The conditions in the internment camps weren’t exceptionally harsh and the detainees’ basic needs were reasonably met. At the family camp near Crystal City, Texas, there was a school, cultural institutions and even a makeshift swimming pool. Each child received a daily milk ration. However, life for the Jewish detainees was not easy, as the most vocal and powerful group in the camp were the Nazi supporters, who sometimes harassed the Jewish detainees. For example, in the Stringtown internment camp, pro-Nazi detainees managed for a while to prevent the Jewish detainees from attending English classes and from taking part in the camp’s sports and cultural activities. Eighteen Jews who were housed in a steamy bunk next to the camp’s showers faced daily antisemitic ridicule from passers-by.

German prisoners from South America arriving at Camp Kenedy, an internment camp in Texas

Luckily for the Jewish inmates, in March 1942 the Department of Justice assumed control of the camps from the State Department. The Justice Department officials were more sensitive to questions concerning the legality of incarcerating people without trial solely because of their background, and without any evidence of subversive, pro-Nazi activity. Jewish and refugee organizations pleaded the case of most of the Jewish detainees and in the spring and summer of 1943 the Jews were transferred to a separate camp near Algiers, Louisiana. Within a year, all but six detainees received a conditional release. They were allowed to make a living, and some were even able to volunteer to serve in the United States military. After the end of World War II, seventy-five of the Jewish prisoners decided to move permanently to the United States. Only two returned to South America.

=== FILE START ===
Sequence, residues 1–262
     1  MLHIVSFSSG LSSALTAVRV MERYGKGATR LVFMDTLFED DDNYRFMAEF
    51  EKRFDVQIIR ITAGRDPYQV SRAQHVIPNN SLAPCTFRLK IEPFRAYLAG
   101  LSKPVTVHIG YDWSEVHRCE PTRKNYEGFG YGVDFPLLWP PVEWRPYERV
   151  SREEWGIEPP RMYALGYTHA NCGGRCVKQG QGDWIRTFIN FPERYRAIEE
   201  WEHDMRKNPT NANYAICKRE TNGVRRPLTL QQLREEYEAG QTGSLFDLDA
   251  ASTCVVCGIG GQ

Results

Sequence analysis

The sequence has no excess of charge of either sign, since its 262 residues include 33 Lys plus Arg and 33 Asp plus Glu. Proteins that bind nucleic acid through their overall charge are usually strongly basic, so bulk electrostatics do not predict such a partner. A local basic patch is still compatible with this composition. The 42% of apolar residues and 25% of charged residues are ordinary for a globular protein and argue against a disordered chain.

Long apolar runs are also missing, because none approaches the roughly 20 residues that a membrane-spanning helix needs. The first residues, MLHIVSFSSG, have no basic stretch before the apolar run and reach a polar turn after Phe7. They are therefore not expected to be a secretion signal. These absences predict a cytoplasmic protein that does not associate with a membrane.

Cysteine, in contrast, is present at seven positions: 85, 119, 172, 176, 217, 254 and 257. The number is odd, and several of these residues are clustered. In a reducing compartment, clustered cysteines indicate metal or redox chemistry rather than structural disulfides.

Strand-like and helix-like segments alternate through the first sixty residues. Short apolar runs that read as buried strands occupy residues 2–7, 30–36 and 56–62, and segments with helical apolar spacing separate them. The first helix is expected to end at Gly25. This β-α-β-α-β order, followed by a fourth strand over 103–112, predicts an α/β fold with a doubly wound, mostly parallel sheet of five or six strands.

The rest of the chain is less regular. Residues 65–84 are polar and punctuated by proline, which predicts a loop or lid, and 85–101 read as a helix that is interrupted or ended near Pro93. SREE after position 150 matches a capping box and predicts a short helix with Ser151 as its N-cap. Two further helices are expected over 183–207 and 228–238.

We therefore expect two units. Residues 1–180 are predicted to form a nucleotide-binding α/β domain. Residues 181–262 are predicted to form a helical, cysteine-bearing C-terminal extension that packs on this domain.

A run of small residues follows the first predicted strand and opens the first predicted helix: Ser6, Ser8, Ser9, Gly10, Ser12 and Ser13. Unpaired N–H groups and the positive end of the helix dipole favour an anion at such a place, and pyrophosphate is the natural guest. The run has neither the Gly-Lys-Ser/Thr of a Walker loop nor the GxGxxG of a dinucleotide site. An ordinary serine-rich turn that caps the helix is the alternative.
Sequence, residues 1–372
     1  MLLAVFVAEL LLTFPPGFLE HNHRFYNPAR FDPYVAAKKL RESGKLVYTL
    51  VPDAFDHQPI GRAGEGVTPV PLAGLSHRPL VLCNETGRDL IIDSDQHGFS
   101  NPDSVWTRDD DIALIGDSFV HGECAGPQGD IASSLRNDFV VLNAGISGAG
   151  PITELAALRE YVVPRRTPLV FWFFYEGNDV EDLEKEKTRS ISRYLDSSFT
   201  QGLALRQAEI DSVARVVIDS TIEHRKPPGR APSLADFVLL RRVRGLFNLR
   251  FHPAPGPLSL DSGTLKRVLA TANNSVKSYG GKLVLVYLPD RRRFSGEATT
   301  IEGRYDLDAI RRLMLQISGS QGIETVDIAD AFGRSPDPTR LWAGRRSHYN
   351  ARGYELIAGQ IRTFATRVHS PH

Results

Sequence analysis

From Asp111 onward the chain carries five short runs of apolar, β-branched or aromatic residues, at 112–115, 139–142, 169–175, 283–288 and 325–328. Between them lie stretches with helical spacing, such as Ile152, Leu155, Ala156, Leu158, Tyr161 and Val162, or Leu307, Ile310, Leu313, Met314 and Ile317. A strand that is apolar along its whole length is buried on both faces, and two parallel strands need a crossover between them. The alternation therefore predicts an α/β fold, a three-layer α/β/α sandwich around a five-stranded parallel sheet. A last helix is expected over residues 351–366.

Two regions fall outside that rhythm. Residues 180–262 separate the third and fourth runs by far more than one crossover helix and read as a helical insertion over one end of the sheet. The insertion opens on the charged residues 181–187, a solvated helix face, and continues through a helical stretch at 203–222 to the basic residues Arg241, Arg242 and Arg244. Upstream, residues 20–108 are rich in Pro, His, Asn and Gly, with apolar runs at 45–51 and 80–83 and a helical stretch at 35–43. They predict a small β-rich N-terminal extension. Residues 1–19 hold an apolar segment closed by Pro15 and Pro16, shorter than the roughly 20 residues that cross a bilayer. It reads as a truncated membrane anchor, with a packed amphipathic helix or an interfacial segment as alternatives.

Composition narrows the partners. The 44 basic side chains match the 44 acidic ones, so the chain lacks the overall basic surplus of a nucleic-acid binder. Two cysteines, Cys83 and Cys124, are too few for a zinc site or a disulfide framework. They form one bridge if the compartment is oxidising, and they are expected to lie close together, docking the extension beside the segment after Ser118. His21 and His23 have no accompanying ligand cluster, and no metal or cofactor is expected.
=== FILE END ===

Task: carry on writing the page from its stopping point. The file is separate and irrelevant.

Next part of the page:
It turned out that the American imprisonment of German citizens offered an opportunity to save Jews from the Holocaust. Hoping to “repatriate” some of its citizens in the diaspora, Nazi Germany had built a special compound inside the Bergen-Belsen concentration camp for this purpose. This facility was intended to house Jews who had real or forged documents testifying to some connection to countries in North or South America. So long as the Nazis had hope of exchanging their own citizens for these detainees, the detainees were kept alive. However, the U.S. government’s reluctance to send its German detainees back to Germany, mainly due to the fear of strengthening the German war machine, meant that very few Germans were actually returned to Germany in exchange for Jews with ties to the United States or to countries in Latin America. The failure of these efforts meant that these Jews had lost their importance as bargaining chips. Only a handful of them managed to survive the war.


Further Reading:

Friedman, Max Paul, Nazis and Good Neighbors: The United States Campaign Against the Germans of Latin America in World War II, Cambridge: Cambridge University Press, 2003

Strum, Harvey, “Jewish Internees in the American South, 1942-1945”, American Jewish Archives 42,1 (1990), pp. 27-4